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Posted by caseyj (My Page) on
Tue, Jul 24, 12 at 18:43

I was about to install a 95% furnace with A/C. My location would be where my existing furnace is now (20 yrs. old) and the installer said that I would have to have a drip pan installed. Also is I would have to provide a drain.

My home is a slab, the furnace would be in the breeze way and there is no drain there. I asked if I couldn't just run it through the wall and have it drain outside but he said no, it has to go into a drain.

Is there any solution to this or do I have to stay with and 80% efficiency which does not require a drain? Thanks to all responses. Must be a solution to this.

Follow-Up Postings:

RE: Question?

Drain must be where the condensate from the furnace is not subject to freeze. So it can't drain outside.

RE: Question?

Why can't you use a condensate pump and pipe it to the nearest drain?

RE: Question?

If it's in a breezeway I assume ducts run through the attic. If you use a condensate pump, it can pump uphill into the attic, via a VERY WELL insulated pipe, then down a convenient wall and into a drain, say a laundry or something (not a sink directly of course, but perhaps you could change the trap into a kitchen-sink type with the knockout for a dishwasher, and connect it to that.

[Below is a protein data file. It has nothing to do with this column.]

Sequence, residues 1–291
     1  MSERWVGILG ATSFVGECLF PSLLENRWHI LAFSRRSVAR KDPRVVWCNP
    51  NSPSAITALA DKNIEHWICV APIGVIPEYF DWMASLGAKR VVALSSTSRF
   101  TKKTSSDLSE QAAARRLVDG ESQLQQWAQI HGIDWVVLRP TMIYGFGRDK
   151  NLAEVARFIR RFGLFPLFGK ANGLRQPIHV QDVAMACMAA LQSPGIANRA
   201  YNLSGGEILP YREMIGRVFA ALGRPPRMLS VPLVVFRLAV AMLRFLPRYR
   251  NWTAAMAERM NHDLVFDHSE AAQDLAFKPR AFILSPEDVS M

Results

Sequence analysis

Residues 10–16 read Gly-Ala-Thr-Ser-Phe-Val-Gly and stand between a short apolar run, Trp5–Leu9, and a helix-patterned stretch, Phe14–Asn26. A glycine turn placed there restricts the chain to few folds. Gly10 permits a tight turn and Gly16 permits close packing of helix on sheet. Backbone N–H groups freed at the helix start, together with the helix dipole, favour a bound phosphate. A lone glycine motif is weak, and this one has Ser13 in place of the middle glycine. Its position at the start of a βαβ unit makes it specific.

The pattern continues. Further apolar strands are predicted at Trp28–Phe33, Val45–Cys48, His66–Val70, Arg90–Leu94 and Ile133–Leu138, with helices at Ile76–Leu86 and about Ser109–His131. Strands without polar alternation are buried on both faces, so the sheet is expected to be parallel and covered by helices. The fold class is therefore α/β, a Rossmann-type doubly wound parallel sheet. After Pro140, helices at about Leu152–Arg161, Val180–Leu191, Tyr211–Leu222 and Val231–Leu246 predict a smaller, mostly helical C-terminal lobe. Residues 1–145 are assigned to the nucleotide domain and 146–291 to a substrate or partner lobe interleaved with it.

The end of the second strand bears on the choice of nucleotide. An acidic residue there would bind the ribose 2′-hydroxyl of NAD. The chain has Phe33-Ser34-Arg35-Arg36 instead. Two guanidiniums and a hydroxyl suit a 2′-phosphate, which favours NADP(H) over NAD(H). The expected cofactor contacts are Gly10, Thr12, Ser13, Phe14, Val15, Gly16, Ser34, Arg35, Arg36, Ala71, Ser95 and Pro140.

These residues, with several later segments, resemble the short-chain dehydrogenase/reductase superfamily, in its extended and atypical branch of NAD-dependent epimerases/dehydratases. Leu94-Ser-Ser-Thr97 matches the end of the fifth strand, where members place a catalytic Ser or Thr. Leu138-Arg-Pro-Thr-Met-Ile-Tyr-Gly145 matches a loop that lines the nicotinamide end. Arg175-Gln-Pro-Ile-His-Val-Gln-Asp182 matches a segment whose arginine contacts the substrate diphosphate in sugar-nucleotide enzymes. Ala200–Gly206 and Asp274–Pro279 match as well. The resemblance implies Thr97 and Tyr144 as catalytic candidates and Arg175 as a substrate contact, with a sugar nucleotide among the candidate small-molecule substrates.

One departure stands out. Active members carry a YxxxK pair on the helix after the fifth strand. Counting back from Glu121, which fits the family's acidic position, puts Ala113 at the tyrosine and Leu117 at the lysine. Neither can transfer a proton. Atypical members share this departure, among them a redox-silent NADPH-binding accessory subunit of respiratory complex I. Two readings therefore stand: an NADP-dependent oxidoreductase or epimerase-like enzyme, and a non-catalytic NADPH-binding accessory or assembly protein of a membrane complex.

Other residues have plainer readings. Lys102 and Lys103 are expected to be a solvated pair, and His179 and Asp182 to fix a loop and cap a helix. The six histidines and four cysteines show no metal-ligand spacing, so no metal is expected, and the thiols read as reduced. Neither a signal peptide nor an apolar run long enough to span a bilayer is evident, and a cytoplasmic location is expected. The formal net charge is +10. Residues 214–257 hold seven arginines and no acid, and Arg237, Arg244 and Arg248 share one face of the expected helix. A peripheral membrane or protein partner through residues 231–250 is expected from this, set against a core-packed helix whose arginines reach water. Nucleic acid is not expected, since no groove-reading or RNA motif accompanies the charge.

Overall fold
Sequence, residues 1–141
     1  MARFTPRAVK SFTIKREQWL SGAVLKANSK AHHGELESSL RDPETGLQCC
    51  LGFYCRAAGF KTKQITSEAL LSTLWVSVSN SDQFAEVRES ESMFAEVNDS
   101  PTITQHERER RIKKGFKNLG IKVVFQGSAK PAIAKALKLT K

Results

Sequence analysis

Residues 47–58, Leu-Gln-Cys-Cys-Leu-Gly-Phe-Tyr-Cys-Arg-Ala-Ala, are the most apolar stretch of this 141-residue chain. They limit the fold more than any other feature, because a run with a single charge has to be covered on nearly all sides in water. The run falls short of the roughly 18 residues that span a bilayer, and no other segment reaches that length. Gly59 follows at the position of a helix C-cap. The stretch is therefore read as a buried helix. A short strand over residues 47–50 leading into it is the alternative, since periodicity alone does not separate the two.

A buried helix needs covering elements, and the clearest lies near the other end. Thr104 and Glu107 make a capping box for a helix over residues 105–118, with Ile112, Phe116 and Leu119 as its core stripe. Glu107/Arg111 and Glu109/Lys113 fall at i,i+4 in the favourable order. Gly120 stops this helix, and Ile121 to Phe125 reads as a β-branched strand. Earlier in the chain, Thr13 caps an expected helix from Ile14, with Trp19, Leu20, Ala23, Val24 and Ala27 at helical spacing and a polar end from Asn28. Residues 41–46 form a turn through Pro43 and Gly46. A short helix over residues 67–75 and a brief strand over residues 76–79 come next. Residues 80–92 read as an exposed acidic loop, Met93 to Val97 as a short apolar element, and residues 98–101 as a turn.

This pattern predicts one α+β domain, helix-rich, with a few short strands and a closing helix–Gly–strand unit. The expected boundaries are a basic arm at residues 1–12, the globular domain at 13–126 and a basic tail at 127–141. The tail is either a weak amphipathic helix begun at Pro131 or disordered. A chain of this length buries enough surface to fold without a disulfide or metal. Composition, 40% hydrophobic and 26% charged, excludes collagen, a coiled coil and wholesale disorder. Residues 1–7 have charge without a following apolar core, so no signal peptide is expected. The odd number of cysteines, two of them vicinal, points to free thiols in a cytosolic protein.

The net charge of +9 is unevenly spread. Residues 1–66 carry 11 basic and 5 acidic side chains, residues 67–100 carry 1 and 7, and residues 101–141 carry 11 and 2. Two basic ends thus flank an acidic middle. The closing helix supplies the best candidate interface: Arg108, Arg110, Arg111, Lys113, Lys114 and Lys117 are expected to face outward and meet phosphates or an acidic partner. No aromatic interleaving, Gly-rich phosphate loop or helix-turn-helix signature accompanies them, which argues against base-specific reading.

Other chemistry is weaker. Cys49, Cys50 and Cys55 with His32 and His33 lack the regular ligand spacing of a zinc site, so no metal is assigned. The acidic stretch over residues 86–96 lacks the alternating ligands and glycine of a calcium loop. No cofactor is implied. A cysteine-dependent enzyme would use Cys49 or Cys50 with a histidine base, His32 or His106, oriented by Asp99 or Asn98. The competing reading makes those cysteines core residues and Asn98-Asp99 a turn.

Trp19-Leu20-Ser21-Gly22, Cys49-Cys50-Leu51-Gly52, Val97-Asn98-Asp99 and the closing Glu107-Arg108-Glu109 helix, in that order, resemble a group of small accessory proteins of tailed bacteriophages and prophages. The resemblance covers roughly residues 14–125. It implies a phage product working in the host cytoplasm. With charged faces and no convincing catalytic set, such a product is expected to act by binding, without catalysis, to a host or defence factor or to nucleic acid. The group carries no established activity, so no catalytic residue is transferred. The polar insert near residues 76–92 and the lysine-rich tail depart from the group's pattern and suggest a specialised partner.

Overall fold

You would want an overflow alarm at the drip tray and/or some sort of pump protection/redundancy.

RE: Question?

Good ideas! I wasn't aware that there was such a pump. I assume that the hose would be around 3/8 to 1/2" and as mentioned it would have to be installed above a trap.

I'm trying to capitalize on the utility companies rebate, but it is slowly dwindling away with all the extras it would take to go to 95%.

Would the pump have to go under the furnace and sit on the pan? I've never seen this set-up. Thanks to all.

RE: Question?

Here is a link to the condensate pump I have. The pump sits on the floor next the the furnace. There are knockout holes at each corner where a 0.5 inch PVC pipe can be connected from the condensate drain on the furnace. The contractor should install an overflow switch to the condensate drain on the coil and wire it to the furnace. In the event the drain is blocked, the switch will activate and shut down the furnace. The condensate pump also has an alarm connection in case it fails.

You shouldn't need a drain pan, but it would not hurt to have it as further back up to catch any water.

Here is a link that might be useful: Diversitech condensate pump

RE: Question?

How do you expect to keep the reservoir in the pump from freezing?

RE: Question?

Thanks, Mike! This is a big help. I don't know why my contractor didn't mentioned this. I already cancelled my order but this will give me more time to research and see what else is out there. I'd like to get it off the breeze-way and build a Mechanical Room.

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